RE: AI over the Internet (was Re: making microsingularities)

From: Ben Goertzel (
Date: Mon May 28 2001 - 06:56:56 MDT

> I think the only correct statement we can make at this point is that
> we don't know whether it would be possible to do human- or superhuman-
> level AI using an architecture like the Internet. Perhaps current
> approaches to AI don't parallelize very well, but of course they don't
> come anywhere near to human level AI either.
> James is right that it seems that only a small fraction of problems can
> exploit the kind of parallelism found on the net, but Eliezer is right
> that we don't know whether it would be possible to design a cognitive
> architecture which could run efficiently there.

While I can't claim an omniscient knowledge of all possible AI
architectures, I've explored this conceptual space well enough that I can
state with a very high degree of certainty that, indeed,

        -- there are some aspects of a digital mind's function that exploit the
Net's massively parallel architecture very well
        -- there are others that just plain don't

Specifically, real-time conversation processing or real-time
perception/action or data analysis of any kind does NOT exploit this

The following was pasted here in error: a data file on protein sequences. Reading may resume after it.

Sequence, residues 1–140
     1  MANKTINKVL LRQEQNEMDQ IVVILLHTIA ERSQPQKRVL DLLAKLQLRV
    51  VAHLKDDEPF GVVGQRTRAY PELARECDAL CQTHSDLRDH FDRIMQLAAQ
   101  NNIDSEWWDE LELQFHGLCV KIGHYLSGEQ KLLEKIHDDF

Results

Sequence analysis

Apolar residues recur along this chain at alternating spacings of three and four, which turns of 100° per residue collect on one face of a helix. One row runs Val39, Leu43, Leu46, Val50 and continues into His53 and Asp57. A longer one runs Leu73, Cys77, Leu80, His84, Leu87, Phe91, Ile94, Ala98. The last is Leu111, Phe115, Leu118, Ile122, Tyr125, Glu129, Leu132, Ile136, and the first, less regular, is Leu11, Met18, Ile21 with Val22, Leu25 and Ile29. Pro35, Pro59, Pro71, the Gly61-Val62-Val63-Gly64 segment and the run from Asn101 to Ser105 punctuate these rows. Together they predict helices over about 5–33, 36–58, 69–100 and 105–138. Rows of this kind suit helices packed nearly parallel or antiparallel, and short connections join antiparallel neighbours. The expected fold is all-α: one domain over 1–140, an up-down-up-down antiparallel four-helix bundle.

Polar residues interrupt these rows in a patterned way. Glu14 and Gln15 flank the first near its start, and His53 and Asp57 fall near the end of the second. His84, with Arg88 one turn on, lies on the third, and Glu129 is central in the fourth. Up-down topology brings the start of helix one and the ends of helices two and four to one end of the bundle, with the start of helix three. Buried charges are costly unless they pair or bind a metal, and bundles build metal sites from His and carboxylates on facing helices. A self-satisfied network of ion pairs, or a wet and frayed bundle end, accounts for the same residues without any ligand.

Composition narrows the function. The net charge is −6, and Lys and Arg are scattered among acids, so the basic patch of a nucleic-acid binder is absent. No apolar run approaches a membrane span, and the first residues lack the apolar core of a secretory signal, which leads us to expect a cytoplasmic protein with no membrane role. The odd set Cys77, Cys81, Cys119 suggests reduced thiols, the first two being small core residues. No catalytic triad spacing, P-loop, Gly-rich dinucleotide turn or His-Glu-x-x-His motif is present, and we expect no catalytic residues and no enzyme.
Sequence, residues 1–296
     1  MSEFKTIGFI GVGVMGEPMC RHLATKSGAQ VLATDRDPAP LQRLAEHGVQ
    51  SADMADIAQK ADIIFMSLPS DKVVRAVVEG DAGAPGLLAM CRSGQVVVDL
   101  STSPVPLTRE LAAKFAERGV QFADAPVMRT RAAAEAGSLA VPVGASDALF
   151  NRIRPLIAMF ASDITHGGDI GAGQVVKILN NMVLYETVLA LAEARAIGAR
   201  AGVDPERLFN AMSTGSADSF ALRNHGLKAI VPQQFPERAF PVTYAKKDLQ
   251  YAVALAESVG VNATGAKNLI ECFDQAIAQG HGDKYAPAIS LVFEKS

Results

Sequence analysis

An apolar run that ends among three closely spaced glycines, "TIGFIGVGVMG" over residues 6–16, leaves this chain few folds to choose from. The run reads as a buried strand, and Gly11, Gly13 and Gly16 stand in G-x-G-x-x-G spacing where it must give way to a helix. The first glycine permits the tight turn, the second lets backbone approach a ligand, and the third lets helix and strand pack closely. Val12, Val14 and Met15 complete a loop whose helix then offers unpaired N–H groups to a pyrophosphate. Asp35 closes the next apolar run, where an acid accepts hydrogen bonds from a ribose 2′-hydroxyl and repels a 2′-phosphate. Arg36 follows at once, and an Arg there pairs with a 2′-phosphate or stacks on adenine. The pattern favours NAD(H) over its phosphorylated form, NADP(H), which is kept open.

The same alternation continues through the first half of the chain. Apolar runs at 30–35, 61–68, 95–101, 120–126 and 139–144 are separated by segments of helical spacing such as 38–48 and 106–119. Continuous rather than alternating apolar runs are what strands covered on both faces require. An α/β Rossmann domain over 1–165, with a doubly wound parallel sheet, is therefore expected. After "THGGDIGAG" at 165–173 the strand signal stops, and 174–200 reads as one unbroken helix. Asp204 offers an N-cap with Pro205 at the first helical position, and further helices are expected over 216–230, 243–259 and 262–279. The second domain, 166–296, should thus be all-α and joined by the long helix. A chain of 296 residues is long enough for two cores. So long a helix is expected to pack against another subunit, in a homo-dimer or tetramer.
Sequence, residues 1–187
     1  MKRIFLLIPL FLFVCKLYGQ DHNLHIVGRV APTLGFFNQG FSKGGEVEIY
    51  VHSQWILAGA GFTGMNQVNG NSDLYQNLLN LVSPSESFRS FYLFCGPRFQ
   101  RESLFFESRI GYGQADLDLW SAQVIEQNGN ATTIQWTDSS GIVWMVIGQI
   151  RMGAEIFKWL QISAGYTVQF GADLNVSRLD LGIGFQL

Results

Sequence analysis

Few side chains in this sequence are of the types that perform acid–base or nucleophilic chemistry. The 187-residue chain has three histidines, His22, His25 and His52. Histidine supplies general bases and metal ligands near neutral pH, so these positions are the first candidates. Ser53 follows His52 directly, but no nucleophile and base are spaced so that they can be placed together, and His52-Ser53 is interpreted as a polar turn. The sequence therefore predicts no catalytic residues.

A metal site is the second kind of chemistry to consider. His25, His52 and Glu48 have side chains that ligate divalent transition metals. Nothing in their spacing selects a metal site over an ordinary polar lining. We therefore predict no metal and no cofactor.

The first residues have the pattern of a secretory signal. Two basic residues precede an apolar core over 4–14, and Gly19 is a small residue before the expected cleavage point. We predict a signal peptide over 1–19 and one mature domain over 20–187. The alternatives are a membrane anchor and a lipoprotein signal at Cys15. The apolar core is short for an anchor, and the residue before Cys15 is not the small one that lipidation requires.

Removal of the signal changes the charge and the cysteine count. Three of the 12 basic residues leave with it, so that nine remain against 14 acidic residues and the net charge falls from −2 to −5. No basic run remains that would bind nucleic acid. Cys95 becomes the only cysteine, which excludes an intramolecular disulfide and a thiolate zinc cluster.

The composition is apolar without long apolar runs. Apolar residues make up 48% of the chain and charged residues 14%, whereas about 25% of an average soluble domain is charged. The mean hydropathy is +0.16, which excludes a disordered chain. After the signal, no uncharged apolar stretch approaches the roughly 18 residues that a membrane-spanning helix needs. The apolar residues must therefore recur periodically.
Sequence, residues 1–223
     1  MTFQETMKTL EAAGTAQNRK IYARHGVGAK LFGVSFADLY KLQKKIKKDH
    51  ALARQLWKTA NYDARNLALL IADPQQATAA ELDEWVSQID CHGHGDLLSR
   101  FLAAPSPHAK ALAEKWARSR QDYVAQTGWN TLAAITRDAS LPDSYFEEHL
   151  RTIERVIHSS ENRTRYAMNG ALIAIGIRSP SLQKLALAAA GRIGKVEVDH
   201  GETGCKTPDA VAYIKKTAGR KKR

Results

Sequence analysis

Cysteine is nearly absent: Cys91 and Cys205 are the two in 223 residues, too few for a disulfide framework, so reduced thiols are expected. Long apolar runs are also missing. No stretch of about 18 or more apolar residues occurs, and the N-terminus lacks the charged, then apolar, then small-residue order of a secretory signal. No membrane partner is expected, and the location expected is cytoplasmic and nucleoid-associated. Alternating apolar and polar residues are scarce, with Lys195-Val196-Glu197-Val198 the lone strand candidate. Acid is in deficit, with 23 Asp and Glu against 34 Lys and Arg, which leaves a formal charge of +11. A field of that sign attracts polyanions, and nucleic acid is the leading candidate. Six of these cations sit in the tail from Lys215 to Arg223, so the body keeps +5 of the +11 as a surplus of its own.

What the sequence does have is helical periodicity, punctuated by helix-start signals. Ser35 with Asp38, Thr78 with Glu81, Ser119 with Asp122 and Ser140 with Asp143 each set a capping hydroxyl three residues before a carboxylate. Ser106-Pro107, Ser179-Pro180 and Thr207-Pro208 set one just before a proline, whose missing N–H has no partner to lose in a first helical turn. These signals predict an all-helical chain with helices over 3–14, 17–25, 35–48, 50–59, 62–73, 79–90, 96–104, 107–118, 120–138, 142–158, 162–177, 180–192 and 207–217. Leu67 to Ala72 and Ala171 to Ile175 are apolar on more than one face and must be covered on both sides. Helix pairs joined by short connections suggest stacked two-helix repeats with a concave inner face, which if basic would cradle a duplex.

architecture well. For this, you really want a supercomputer, or a highly
powerful cluster of fast computers. There are also aspects of "logical
thinking" that seem to have about the same requirements (they require rapid
SEQUENTIAL processing of a certain kind, rather than distributed
processing) -- I think Dennett had it about right here in his "Consciousness
Explained" book .. he didn't explain consciousness very well, but he did
very nicely explain the serial nature of some linguistic/logical processes
(and talk a lot about the seriality of these processes as compared to the
brain's underlying parallel hardware).

On the other hand there's a hell of a lot of processing that benefits *very,
very well* from Internet-style massive distribution. We need to distinguish
two cases here

1) Internet nodes that have a high-bandwidth constant connection to be
utilized during problem-solving

These can be used for a lot of things. One example is procedure learning
("schema learning" as we call it in Webmind), which can be done by using the
remote nodes to 'breed' populations of procedures, with the fitness
evaluation of each population element relying on calls back to a central
server containing a database of information and executing an inference

2) truly remote nodes, accessible via very low-bandwith or
frequently-inactive connections (e.g. modems)

These can be used for fewer things.
One example of what they can be used for is parameter optimization. Log
files from a complex system can be data mined by various distributed
schemes, resulting in new results about optimal parameter settings in
various contexts.

We've worked through various cases like this in a lot of detail... and
designed a framework called Webworld, a sister to Webmind, that was intended
to exploit the massively distributed power of the Internet to support WM in
various ways. This was crudely prototyped but never really developed.


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